Mangrove Fringe 360

If you look at South Florida from above, the coast is fringed with…houses and hotels. But go back in time and you would have seen dense forests of mangroves. The coastal Everglades is still loaded with mangroves, which is a really good thing.

Watch the video, use the field guide and take the quiz to identify three things you might encounter in an Everglades mangrove forest. Good luck!

Tag #1: Identify the plant, animal or feature

Tag #2: Identify the plant, animal or feature

Tag #3: Identify the plant, animal or feature

The word “mangrove” basically describes a group of salt-tolerant shrubs or trees that live in coastal or intertidal areas. There are about 80 species around the world, all living in tropical or subtropical climates, and they aren’t necessarily closely related. South Florida has 4 species of mangrove trees.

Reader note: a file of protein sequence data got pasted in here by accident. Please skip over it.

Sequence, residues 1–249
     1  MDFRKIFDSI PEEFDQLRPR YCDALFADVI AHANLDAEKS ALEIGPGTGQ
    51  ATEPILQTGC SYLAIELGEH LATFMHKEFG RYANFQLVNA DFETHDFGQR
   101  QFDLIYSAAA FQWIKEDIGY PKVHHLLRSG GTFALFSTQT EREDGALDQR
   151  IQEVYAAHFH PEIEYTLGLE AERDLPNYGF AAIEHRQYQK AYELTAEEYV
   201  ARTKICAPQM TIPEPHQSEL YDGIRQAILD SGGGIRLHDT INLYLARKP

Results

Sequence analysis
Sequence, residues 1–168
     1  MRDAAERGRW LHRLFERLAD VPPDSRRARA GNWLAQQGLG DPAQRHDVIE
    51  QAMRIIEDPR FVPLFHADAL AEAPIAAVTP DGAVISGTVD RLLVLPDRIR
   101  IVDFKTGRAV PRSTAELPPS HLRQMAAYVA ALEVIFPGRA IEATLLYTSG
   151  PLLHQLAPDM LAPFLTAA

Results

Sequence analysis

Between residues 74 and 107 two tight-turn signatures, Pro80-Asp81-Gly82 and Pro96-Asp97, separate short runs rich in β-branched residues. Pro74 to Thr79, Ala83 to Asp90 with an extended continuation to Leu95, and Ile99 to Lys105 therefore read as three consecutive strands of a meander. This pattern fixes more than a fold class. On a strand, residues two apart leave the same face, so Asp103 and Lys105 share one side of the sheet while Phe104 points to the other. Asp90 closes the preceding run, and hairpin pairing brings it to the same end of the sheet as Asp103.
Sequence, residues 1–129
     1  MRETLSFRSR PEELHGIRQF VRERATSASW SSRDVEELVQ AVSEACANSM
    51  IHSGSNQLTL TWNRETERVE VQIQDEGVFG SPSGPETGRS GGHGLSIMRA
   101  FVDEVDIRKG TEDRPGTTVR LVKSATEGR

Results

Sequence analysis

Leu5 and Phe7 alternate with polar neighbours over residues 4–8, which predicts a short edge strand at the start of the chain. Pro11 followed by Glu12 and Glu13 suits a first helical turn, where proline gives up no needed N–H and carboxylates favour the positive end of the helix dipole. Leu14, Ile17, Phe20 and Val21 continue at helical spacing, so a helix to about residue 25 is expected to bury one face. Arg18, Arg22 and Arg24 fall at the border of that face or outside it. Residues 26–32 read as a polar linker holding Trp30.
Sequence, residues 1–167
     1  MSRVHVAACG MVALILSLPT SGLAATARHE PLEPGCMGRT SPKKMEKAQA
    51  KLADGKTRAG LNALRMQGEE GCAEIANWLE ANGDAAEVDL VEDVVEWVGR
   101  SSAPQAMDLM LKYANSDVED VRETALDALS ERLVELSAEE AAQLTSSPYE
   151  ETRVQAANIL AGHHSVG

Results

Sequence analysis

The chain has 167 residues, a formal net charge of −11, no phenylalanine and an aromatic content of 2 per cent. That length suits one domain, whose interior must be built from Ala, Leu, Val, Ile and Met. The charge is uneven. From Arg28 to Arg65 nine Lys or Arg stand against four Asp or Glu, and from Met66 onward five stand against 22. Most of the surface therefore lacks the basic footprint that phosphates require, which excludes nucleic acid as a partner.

Everglades National Park holds the largest contiguous forest of mangrove trees on this half of the planet, which is pretty mind-blowing. World-wide, coastal mangroves are being cut down to make room for human development, which is a shame. Above the water, these trees are critical habitat for nesting birds, reptiles, all sorts of creatures. Below the water, mangrove roots become essential nursery grounds for many species of fish and provide scaffolding for barnacles, sea anemones, sponges and other colorful invertebrates.

The word mangrove refers to a group of coastal trees or shrubs that are adapted to survive in wet, salty environments. In Florida we have 4 species, but they’re not all closely related.

Mangroves are super important, for many of the same ways that seagrasses are. They provide habitat for animals, create oxygen and suck carbon dioxide from the air, and act as a buffer zone that slows down the effects of tropical storms.

Hop in a kayak and follow me through the mangrove fringe. Look out for three things to identify, indicated by this symbol and this sound. Then use the field guide to identify those three things. Good luck!